Both ARRA and the Education Jobs Fund required states to maintain their K-12 education spending at certain levels, to assure that the federal aid was used as intended to help states sustain their education systems during the recession.[2]

ARRA also provided states with much more narrowly targeted forms of federal education aid. For example, ARRA provided $13 billion in targeted, additional aid for schools with a large share of low-income students (Title I schools), and $12 billion in aid targeted to help schools sustain education programs for disabled students. These funds are targeted to particular student populations and hence typically are not distributed through the funding formulas used to distribute general state aid.

Cuts to state formula funding often have very large consequences for local school districts. Cuts at the state level mean that local school districts have to either scale back the educational services they provide, raise more revenue to cover the gap, or both. In addition to the funding distributed through general aid formulas, states may or may not use separate allocations to fund items such as pupil transportation, contributions to school employee pension plans, and teacher training; some of those allocations also have been cut.

Moreover, since states typically distribute general education aid through formulas that target additional funds to school districts with large shares of low-income and other high-need children, reductions in "formula" funding may result in particularly deep cuts in general state aid for districts with high concentrations of low-income students. ARRA's additional federal aid for Title I schools and for schools serving disabled students helped soften the blow of the recession on the children in these schools. But with the federal aid now expiring, reductions in state formula funding may be pulling in the opposite direction by reducing funding disproportionately for districts with high concentrations of low-income students. (A number of states, such as New Jersey, are under court order to avoid cuts that hurt high-poverty districts, in which case middle-income districts may be hit harder.)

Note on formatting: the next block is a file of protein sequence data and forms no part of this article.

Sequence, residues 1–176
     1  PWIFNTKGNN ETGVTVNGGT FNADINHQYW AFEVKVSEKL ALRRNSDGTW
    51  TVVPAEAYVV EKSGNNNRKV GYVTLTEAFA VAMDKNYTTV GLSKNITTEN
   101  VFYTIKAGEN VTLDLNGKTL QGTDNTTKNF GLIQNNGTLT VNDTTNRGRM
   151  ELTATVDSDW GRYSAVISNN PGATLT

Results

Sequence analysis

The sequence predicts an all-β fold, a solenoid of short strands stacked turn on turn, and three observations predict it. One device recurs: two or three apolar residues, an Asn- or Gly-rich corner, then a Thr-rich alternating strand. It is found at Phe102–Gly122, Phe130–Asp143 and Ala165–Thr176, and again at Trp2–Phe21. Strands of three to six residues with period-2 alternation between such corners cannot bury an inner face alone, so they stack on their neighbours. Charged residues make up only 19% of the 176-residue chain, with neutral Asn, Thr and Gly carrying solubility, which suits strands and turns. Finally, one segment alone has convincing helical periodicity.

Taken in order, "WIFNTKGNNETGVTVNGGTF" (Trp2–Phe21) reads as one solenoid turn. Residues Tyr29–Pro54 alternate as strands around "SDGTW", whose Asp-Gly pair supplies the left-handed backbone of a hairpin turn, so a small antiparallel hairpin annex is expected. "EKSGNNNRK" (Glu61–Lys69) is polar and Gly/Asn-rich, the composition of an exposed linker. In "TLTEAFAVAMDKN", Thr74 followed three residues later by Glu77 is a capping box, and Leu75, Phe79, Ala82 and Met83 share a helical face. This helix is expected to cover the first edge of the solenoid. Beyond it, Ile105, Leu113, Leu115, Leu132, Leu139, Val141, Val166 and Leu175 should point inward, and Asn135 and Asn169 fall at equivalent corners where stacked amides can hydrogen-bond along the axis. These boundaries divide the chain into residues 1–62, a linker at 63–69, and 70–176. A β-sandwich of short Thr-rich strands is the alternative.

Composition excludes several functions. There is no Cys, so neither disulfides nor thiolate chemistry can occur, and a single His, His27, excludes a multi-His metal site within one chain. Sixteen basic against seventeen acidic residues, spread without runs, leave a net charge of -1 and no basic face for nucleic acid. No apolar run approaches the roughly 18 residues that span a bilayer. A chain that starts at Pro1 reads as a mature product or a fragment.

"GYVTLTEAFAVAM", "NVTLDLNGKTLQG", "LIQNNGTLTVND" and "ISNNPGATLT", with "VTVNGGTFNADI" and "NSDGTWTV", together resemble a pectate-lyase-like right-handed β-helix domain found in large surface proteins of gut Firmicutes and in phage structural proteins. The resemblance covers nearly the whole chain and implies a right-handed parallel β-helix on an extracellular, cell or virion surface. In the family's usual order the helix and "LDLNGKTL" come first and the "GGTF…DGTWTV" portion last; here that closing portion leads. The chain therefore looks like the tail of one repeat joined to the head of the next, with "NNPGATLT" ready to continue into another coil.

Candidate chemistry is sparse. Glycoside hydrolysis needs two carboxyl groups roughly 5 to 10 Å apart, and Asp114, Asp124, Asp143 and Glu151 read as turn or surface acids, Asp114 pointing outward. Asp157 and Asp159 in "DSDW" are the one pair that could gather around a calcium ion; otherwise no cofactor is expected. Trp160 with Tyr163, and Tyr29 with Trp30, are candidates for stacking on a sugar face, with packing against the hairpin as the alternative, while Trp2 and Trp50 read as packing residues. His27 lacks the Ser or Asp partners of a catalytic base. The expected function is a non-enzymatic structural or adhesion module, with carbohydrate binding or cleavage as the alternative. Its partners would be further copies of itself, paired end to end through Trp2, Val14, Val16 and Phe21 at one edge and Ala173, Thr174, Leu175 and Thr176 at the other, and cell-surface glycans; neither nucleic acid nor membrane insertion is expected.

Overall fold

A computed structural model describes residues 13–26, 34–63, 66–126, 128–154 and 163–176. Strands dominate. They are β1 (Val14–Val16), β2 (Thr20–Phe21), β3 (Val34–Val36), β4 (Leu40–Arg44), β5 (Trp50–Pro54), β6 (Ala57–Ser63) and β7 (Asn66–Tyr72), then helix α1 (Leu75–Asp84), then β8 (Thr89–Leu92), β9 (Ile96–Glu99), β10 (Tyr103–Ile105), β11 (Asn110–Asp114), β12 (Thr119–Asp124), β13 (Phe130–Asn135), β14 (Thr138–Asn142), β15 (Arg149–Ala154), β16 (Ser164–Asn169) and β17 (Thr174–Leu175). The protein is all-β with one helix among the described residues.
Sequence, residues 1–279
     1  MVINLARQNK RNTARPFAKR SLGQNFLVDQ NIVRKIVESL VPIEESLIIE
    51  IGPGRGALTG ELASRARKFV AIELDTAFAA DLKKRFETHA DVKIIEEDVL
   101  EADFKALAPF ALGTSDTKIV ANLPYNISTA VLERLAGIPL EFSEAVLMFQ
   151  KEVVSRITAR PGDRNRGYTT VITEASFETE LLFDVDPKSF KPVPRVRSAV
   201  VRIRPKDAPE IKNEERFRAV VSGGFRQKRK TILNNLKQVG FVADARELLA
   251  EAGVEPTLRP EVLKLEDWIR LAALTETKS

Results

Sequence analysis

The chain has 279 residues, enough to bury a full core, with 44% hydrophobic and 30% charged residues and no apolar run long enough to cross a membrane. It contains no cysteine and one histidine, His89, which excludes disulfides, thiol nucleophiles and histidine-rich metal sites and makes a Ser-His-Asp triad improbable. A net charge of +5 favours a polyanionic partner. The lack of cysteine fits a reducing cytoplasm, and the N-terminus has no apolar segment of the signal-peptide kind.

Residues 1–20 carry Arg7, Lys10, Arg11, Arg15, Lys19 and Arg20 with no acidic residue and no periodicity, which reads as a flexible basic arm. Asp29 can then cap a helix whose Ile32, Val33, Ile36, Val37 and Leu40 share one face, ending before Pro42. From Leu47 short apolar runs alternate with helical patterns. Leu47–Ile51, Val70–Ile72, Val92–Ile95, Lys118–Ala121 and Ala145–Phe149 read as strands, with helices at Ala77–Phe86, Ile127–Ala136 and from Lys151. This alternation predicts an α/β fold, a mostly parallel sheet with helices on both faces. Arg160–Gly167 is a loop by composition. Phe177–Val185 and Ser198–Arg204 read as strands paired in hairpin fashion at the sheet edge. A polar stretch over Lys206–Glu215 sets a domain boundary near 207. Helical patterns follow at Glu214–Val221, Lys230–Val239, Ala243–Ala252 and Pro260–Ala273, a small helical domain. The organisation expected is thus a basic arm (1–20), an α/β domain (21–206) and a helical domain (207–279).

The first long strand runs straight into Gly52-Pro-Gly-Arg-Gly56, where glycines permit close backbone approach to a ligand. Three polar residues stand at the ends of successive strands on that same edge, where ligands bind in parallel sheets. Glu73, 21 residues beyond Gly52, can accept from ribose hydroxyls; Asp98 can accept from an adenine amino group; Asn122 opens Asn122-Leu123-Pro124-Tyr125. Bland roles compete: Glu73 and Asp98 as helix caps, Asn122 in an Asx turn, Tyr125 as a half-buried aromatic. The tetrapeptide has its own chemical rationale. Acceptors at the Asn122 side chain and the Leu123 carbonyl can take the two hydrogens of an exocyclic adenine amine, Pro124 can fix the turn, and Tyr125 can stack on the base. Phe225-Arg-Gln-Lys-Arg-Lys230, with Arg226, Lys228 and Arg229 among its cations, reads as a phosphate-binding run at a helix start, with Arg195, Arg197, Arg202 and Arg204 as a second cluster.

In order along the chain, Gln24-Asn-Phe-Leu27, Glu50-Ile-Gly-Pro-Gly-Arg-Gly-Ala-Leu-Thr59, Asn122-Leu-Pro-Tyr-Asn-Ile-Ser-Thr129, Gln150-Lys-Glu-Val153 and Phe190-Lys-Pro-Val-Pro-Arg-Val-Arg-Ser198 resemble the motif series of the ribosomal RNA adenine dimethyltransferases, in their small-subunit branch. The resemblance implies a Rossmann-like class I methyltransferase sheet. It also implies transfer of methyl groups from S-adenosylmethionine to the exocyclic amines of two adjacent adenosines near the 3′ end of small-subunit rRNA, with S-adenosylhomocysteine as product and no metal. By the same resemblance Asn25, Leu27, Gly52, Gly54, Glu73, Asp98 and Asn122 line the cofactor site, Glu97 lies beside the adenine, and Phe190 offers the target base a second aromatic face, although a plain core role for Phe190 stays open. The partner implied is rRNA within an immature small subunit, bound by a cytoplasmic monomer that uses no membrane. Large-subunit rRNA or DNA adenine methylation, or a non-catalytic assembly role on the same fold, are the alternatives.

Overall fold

States Have Cut Education Formula Funding Deeply Since the Recession Began

For 46 states, the necessary data are available to compare state K-12 formula funding in the current school year with funding in earlier years. [3] (The other four states – Delaware, Idaho, Indiana, and Washington State – publish education funding data in ways that make it difficult to make accurate historical comparisons). The 46 states included in this analysis are home to 95 percent of the nation's schoolchildren.


School Funding in 2011-12 Compared with 2007-08

Based on the data available in these 46 states, cuts to state education formula funding since the start of the recession have been widespread and very deep. This survey finds that, after adjusting for inflation: